Remembering writer V S Naipaul: A flawed genius

V S Naipaul walked the controversy tightrope, admired for his prose but scorned by those who perceived him as an apologist for imperial powers.

Published: 13th August 2018 12:16 AM  |   Last Updated: 13th August 2018 12:35 AM   |  A+A-

V S Naipaul

V S Naipaul (Photo | File/AP)


NEW DELHI: Celebrated for his extensive commentary on both, colonisers and colonised, in fiction and non-fiction, V S Naipaul walked the controversy tightrope, admired for his prose but scorned by those who perceived him as an apologist for imperial powers.

Vidiadhar Surajprasad Naipaul, or Sir Vidia, as he was sometimes known died at his London home at the age of 85 today, leaving behind a legacy of lucid prose and unapologetic narratives strewn across dozens of works that earned him both applause and brickbats, say experts.

Looking back at the Nobel Laureate's elaborate literary career of over five decades, Patrick French, the author of his biography "The World is What It Is", remembered him as a "very funny and witty" person who was "always conscious of his Indian family background".

Born to an Indian family in Trinidad, Naipaul's portraits of Africa, India, West Indies and the Islamic faith brought him hostility for his views.

"In his books, he tried to describe the best and the worst of India as it changed between the 1960s and the 1990s. His conclusions were insightful, even when they were harsh," French told PTI.

After his first three comedic novels, he explored the questions of identity and belonging to a family, a place in "A House of Mr Biswas", which was inspired by his father's life.

While the book won him accolades in the literary world, the novel "destroyed some memories", according to the biography.

This February 21, 2002 file photo shows Nobel Laureate, British author V.S. Naipaul speaking during a literary festival in Neemrana, in Rajasthan state, India. (Photo | File/AFP)

Naipaul's prose were strung around the themes of loss, identity, oppression and exile, said author Chanchal Sanyal, describing him as an "unapologetic author" who was not writing to please an audience.

"Naipaul, not only in his writings but also in whatever he said, was completely unapologetic. For example, his views on Islam, on colonisation, immigration, or even his writings about his visits to prostitutes, he was his own man. We all are pleasing an audience, he was courageous and unapologetic," he said.

Sanyal's "The Glass House" can be compared to "A House for Mr Biswas", both following the theme of a man aspiring to own a home.

"Honestly, I have read a lot of Naipaul, but I don't think anything moved me as much as House for Mr Biswas. But I did read with great interest his writings on America's deep south. In some of his short stories in his early writings, there was a certain style they were not completely finished and you could make out the writer was a bit raw, but you certainly felt he showed promise," he added.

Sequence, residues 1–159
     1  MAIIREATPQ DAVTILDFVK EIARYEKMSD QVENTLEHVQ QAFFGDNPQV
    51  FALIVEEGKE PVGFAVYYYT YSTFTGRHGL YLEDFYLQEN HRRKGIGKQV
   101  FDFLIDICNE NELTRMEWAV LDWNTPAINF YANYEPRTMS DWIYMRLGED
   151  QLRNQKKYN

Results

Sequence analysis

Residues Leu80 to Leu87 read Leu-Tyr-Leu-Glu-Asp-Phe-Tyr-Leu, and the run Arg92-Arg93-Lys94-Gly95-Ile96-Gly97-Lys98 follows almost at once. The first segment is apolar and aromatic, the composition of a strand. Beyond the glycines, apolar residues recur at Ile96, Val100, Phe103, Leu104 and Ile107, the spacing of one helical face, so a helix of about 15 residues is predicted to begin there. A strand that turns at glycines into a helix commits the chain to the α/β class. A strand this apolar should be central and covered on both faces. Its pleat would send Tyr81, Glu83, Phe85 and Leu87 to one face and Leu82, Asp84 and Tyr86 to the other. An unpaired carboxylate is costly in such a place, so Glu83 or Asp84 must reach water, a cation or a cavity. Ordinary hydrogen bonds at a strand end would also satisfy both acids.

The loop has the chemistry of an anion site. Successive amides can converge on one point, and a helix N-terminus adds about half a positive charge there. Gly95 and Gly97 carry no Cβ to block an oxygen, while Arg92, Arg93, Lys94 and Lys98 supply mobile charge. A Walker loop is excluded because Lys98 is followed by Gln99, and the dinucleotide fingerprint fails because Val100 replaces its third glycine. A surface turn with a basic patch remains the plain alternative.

Naipaul's views against the commonplace perception towards colonised countries and their people were not the only thing controversial about the famed author.

In an interview in 2011, Naipaul raised eyebrows when he said he did not consider any female author to be his equal.

And then there were also reports of him physically abusing his mistress Margaret Gooding.

Looking at him as a "flawed genius", international publishing consultant Jaya Bhattacharji Rose said Naipaul will nonetheless be "remembered as a giant among writers".

"V S Naipaul was a titan of 20th century English literature, who made visible a landscape beyond the canon that held sway when he began writing. His life experiences frequently appeared as thinly disguised vignettes in his writing, and his references to Trinidad added diversity and depth to his oeuvre," Rose said.

His 1971 book, "In a Free State", won him the Man Booker prize.

In "An Area of Darkness", "India: A Wounded Civilization", and "India: A Million Mutinies Now", Naipaul commented extensively on subjects varying from politics to religion, from business to films in the country.

According to Saugata Bhaduri, professor at School of Language Literature and Culture Studies, JNU, his critics loved him too despite the general perception of his writing as a "problematic rightist kind of politics".

"He has been somewhat of a trigger in making Indian writing in English become so global, and all Indian writers in English, in spite of him not being an Indian technically, looked up to him. His writing style, general mode of characterisation was so good and it often has been perceived as problematic rightist kind of politics. So he transcended it, and his greatness is mocked by that. His art is so good, his craft is so good that even his harshest critique would read him with lot of love and passion," Bhaduri said.

Stay up to date on all the latest Books news with The New Indian Express App. Download now
(Get the news that matters from New Indian Express on WhatsApp. Click this link and hit 'Click to Subscribe'. Follow the instructions after that.)


Disclaimer : We respect your thoughts and views! But we need to be judicious while moderating your comments. All the comments will be moderated by the editorial. Abstain from posting comments that are obscene, defamatory or inflammatory, and do not indulge in personal attacks. Try to avoid outside hyperlinks inside the comment. Help us delete comments that do not follow these guidelines.

The views expressed in comments published on are those of the comment writers alone. They do not represent the views or opinions of or its staff, nor do they represent the views or opinions of The New Indian Express Group, or any entity of, or affiliated with, The New Indian Express Group. reserves the right to take any or all comments down at any time.

flipboard facebook twitter whatsapp